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Saturday, 01 September 2018

Madrid: The Literary City of Amor - Page 3

Written by Caleb Gonzalez
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Walking through the letters district, I continue to find poems, phrases, excerpts, and quotes from novels printed in gold letters on the streets. The words are an active part of the city. I stop and read every single word and I go back to read the ones I missed. For some reason, even though the words shine in gold, they are in fact easy to miss.

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And I think about love after reading a question from the famous play Don Juan Tenorio by José Zorrilla…


¡Ah! ¿No es cierto ángel de amor, que en esta apartada orilla más pura la luna brilla y se respira mejor?


Then I find the famous beginning to the most revered novel in all of Spain. Right there. Printed on a street full of pedestrians: En un lugar de la Mancha, de cuyo nombre no quiero acordarme, no ha mucho tiempo que vivía un hidalgo de los de lanza en astillero, adarga antigua, rocín, flaco y galgo corredor… Don Quijote de la Mancha – Miguel de Cervantes

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The words became the catalyst to the novel that advanced the idea that people, indeed, were able to exercise their imagination. They didn’t need to hold back. That despite their circumstances, they were still able to hope. They were still able to dream. As I read the words on the street, I too, remember the meaning of hope and the power of an imagination. I stand on the street, observing the words of Cervantes, and I imagine what my future might hold and what it can be. I imagine myself, a writer at his desk.


* * * *


Traveling on the metro, I get off on the Arguelles stop close to the city center and go down to the basement of the nearest Corte Inglés, the department store, passing used and new bookstores. On Mondays and Wednesdays, the 100 Montaditos Bar offers one-euro sangrias. I step up to order.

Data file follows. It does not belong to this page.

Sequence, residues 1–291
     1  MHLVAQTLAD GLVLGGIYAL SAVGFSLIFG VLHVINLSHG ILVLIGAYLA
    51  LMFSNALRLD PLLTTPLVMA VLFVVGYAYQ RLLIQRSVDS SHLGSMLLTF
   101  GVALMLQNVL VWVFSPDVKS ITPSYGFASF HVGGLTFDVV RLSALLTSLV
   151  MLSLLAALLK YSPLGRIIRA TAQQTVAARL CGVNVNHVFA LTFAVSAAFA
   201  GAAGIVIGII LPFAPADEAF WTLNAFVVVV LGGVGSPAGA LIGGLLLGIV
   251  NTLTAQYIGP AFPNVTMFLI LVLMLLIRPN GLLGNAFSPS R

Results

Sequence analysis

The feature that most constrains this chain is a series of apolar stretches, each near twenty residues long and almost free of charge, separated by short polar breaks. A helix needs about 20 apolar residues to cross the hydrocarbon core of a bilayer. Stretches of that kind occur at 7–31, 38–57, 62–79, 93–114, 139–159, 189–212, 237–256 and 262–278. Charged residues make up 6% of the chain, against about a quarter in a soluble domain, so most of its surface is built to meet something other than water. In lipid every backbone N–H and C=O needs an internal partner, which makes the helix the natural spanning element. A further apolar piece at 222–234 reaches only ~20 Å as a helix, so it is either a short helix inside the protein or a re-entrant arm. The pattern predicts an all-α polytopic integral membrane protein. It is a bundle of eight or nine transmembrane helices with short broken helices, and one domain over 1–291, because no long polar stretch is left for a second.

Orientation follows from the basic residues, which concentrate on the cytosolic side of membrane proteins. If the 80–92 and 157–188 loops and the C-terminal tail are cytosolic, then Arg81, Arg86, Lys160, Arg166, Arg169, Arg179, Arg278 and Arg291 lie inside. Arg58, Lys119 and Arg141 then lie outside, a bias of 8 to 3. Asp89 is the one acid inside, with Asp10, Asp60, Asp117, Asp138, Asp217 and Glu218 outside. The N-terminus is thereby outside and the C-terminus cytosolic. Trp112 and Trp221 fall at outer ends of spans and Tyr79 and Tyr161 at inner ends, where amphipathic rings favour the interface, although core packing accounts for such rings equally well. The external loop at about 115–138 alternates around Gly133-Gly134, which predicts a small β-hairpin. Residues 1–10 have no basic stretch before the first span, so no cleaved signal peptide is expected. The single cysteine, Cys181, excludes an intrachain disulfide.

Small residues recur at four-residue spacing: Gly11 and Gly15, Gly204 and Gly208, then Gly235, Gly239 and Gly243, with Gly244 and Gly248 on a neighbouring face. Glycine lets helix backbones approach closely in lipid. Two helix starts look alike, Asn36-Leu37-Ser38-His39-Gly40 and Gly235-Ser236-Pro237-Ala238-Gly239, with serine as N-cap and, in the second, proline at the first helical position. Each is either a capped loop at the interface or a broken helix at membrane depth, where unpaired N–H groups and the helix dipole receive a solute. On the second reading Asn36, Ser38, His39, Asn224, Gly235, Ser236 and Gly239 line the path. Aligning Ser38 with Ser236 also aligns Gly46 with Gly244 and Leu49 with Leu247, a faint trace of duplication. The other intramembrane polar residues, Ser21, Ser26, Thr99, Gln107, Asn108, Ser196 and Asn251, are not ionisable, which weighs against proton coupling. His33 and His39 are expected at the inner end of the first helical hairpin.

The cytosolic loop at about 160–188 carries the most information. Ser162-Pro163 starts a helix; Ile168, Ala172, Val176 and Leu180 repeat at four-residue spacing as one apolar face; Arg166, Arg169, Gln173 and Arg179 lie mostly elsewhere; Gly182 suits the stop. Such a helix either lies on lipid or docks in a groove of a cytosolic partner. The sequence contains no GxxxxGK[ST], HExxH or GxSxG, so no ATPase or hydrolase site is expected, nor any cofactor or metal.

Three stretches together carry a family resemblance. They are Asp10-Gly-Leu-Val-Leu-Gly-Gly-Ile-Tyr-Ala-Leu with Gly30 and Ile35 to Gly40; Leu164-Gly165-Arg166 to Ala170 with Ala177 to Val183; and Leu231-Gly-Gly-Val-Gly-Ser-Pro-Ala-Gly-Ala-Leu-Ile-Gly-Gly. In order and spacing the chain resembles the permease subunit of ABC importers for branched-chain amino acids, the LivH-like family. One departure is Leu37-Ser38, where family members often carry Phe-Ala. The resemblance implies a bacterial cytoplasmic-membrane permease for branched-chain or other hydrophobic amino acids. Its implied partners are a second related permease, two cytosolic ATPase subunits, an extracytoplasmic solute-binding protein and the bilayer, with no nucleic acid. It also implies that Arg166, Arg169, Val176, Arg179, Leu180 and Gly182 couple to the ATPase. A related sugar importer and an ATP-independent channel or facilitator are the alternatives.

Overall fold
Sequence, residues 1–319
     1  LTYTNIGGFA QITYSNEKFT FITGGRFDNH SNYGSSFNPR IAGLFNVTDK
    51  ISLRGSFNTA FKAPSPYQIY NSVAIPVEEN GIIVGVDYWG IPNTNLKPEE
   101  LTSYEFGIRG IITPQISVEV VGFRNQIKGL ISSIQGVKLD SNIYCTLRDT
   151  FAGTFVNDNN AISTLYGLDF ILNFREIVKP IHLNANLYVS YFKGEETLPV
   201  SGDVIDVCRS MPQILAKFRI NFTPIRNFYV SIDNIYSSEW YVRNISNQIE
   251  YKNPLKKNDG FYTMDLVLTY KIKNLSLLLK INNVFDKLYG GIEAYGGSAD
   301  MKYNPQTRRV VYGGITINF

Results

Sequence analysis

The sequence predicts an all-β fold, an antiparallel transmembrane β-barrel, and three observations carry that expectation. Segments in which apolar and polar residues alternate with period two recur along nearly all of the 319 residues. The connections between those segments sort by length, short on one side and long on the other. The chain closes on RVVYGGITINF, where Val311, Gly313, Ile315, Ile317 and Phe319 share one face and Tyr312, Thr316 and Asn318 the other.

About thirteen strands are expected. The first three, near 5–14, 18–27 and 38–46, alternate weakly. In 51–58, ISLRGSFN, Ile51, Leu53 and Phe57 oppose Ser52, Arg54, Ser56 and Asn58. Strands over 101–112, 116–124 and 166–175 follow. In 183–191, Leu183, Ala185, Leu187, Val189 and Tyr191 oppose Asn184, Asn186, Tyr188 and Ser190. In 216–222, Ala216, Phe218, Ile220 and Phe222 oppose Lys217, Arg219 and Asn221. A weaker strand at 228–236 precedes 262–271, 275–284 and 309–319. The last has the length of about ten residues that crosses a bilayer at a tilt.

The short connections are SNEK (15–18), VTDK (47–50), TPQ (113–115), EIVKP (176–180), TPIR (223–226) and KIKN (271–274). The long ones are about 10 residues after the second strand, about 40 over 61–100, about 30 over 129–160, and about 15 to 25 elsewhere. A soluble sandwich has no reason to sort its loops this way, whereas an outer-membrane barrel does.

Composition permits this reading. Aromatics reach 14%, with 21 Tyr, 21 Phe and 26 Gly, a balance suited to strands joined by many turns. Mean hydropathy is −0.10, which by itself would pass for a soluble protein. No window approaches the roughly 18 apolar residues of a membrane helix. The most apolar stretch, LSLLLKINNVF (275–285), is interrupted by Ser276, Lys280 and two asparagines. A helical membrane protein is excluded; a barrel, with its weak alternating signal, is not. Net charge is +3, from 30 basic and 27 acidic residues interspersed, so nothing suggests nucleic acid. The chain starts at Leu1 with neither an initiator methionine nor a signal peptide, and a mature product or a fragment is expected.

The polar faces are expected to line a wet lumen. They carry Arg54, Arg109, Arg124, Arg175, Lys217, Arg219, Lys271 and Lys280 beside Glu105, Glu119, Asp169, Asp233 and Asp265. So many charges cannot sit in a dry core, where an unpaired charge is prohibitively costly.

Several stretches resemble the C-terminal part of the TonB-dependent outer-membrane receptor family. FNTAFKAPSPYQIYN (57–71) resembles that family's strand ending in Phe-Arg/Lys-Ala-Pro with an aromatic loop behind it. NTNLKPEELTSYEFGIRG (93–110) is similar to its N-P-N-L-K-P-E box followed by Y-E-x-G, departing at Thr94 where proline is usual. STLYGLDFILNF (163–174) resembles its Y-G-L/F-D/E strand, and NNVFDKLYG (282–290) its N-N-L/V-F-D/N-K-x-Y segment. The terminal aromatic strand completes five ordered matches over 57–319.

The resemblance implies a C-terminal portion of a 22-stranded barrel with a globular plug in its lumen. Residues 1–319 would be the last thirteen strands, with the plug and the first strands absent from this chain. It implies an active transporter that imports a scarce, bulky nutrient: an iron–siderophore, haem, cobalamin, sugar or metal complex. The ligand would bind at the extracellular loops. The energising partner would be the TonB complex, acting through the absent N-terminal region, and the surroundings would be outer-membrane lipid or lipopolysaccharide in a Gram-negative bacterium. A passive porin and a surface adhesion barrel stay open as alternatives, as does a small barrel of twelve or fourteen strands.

“Name please,” the cashier says.


I tell him my name and he asks me to spell it.


“Where’s your name from?” he asks.


I’ve gotten used to people not getting my name right in Spain and later asking me questions about it. I gravitate to my default answer. “It’s Arabic.”


The young cashier brings out a few little sandwiches filled with slices of tortilla de patata and fluffy Manchego cheese along with my one-euro maroon colored sangria. Nobody else is in the bar. He takes a seat next to me. “Arabic” he says in Spanish. “De donde eres?”


“United States” I say. “Are you from Madrid?”


“I’m from Galicia. The northwest part of the country. A city called Vigo.” He says extending his hand to me. “I’m Xoel, nice to meet you.”


“Yeah, nice to meet you” I say. “So what do you do? Do you study?” Xoel gets comfortable in his seat.


“No, I moved to Madrid to get a better job. I’m studying at the police academy in Madrid. I wanted to be a police officer but in Galicia, the police academies aren’t the best, so I had to move here.”


He looks at me eager to tell me his story. Xoel’s words become a part of my quest to find the hidden stories of Madrid. This is one of them, and so I listen.

(Page 3 of 4)
Last modified on Saturday, 01 September 2018

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